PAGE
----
This is, I think, where most of the criticism that Siddhartha gets is coming through. People judge Siddhartha by focussing too much on its length. And that's not very fair. At least if you had the box set, you're forced to flip or change the record every twenty minutes or so, or you could even just take a break, like you would at the end of a chapter in a book, and listen to something else, or nothing at all. If it were released on CD or digitally, those breaks aren't as suggestive. Even in the performance, there was an intermission of about ten or twenty minutes half way through. I didn't know that there was one until I listened through it. Now the most memorable thing about the whole thing is "Airplane Mode", and it's thanks to its inclusion on the livestream.
You'd also probably be able to hear the audiobook. I haven't read Siddhartha, and I hoped that I might be able to absorb it in its audiobook form, along with the performance.
There are plenty of sounds which are downright irritating. There is also plenty of potential for it to be a meditative experience, if you allow it. I can recall the first hour being reasonably pleasant, and thinking, "hey, this actually sounds pretty interesting, but I really wish I had a vinyl rip". The second hour probably couldn't be saved by any level of audio quality. Billy's lack of expertise becomes more glaringly apparent as he struggles to develop meaningless arpeggiated beeps. It makes me wonder if this is all a learning experience for him, and he wanted us to bear witness to it. Things seem to fall into place better in the second half, after the interlude. Jeff's ambient guitar playing is interesting. He gets an unfair amount of criticism in general. He's a talented guitarist.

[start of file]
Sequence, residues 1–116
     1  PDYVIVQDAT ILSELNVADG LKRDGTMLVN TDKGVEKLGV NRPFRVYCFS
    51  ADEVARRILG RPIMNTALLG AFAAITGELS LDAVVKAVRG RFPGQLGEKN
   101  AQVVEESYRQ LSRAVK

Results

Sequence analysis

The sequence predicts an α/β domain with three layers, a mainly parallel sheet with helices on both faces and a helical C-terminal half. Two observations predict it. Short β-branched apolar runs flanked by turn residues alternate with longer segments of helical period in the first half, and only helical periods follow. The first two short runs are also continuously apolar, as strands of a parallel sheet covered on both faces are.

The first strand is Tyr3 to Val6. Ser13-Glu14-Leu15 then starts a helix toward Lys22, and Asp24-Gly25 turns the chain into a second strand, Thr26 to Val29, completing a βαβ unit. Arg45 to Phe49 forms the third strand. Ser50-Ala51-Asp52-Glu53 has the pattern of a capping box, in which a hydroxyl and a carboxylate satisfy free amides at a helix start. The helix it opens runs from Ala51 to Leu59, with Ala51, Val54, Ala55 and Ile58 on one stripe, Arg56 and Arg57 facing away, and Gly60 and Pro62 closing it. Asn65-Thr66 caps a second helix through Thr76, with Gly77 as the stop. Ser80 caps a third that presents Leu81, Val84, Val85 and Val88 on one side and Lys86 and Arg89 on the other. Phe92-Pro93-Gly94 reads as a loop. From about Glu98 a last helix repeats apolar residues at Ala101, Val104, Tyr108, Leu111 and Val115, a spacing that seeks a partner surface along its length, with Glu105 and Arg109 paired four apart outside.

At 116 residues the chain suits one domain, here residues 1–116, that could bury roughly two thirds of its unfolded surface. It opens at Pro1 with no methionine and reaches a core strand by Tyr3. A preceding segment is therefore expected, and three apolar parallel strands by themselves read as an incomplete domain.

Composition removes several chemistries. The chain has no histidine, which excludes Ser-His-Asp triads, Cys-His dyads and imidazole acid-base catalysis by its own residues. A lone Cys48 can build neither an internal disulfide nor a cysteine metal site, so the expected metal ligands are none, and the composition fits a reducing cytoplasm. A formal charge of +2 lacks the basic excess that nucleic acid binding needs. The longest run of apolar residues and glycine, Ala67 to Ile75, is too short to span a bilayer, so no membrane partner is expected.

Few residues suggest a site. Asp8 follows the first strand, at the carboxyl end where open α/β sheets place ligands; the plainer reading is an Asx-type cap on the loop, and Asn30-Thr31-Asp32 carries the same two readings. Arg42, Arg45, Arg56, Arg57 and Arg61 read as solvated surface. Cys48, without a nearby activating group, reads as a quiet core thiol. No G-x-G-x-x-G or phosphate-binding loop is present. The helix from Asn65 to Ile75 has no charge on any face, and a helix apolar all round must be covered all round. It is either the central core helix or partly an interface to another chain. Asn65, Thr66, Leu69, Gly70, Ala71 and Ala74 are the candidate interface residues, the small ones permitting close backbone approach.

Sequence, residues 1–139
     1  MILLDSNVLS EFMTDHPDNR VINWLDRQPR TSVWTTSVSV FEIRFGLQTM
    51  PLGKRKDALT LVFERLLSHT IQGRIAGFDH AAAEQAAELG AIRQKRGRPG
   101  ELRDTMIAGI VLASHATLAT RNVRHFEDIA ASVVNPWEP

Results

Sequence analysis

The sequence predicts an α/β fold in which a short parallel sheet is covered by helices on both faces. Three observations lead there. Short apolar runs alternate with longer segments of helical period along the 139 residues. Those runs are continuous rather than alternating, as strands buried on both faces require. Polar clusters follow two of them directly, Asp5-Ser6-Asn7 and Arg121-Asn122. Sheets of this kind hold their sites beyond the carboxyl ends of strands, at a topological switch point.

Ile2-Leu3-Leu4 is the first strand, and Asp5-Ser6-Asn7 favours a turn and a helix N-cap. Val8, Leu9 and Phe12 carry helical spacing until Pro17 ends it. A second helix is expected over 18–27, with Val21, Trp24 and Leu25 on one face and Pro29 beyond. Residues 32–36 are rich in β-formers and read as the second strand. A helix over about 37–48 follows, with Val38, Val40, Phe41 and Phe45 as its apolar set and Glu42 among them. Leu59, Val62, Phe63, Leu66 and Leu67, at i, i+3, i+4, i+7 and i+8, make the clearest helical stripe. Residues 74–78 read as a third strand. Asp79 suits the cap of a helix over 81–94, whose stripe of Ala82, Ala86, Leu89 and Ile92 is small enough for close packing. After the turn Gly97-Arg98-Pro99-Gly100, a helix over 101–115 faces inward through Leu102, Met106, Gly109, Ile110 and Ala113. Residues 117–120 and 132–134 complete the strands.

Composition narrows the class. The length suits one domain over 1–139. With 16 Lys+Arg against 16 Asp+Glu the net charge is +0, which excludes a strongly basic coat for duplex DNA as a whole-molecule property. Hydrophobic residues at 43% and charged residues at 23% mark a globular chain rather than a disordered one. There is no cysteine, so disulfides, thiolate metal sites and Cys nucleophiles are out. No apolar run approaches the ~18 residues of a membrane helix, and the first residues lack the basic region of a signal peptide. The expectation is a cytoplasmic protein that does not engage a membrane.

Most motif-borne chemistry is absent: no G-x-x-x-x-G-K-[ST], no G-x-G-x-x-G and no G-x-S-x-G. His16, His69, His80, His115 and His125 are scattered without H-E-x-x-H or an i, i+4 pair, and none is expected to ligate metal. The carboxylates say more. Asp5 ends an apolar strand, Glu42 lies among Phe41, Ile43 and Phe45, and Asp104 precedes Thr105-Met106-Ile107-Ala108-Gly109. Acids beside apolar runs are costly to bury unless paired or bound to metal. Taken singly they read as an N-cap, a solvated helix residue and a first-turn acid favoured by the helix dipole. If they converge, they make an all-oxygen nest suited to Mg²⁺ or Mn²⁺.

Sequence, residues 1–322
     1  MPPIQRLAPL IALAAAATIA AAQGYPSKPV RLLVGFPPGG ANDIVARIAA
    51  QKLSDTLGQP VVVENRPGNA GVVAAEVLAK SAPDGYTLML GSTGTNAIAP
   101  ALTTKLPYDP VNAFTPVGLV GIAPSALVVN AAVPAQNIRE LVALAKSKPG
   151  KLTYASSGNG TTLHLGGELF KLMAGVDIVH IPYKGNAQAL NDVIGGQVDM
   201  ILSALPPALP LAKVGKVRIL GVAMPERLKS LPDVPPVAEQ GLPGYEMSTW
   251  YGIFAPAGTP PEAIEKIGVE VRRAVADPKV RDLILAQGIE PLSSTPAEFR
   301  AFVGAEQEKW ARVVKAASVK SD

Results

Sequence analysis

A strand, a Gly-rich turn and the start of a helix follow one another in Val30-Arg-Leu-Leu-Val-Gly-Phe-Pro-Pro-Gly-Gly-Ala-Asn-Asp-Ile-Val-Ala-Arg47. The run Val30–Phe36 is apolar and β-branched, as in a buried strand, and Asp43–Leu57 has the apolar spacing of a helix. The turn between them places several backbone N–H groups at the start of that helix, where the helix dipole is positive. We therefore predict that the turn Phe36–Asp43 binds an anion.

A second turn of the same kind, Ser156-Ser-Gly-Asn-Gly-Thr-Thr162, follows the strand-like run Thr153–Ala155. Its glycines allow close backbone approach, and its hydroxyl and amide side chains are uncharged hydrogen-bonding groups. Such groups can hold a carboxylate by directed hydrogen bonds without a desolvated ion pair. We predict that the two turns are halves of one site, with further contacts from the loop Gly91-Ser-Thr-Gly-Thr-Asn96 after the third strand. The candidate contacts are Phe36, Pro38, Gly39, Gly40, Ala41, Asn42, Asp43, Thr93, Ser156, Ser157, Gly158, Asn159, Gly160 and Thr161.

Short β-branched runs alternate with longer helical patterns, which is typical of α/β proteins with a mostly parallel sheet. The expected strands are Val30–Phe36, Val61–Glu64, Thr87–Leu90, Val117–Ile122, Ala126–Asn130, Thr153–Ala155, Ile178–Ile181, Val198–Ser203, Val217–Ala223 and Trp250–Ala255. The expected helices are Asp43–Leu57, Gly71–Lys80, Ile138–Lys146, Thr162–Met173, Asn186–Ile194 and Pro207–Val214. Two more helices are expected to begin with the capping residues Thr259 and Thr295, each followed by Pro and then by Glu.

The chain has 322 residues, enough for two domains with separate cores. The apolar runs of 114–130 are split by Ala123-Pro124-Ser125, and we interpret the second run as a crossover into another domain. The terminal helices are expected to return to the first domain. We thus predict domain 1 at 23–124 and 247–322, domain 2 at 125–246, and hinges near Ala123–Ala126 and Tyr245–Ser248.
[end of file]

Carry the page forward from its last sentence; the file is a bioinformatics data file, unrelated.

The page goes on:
About three hours in, I deleted all of my notes describing the sounds I was hearing when I realised there was nothing enticing about them, and that I still had five more hours worth of sounds to get through. It felt pointless repeating the same face-value descriptions you could find in other reviews. The experience itself, the self-awareness I felt, that I was actually listening to this stupid thing, was more worthwhile to analyse. But even then, it's so difficult to describe. It's not quite a spiritual journey like Hesse's titular character had (or at least, I assume he had, I couldn't tell because of the garbage audio quality) but it is undoubtedly a journey. It just doesn't lend itself to being concentrated on. Don't think about it. Definitely don't listen to it in one sitting. It's just William Patrick Corgan fucking around with a vintage synth. Just let it be.
I wish I gave myself more time to craft a more considered review but it's 7:30pm on New Years Eve, I'm drunk, I have festivities to attend, and I desperately want to put this whole thing behind me.
Last edited by Shallowed : 12-31-2019 at 03:02 AM.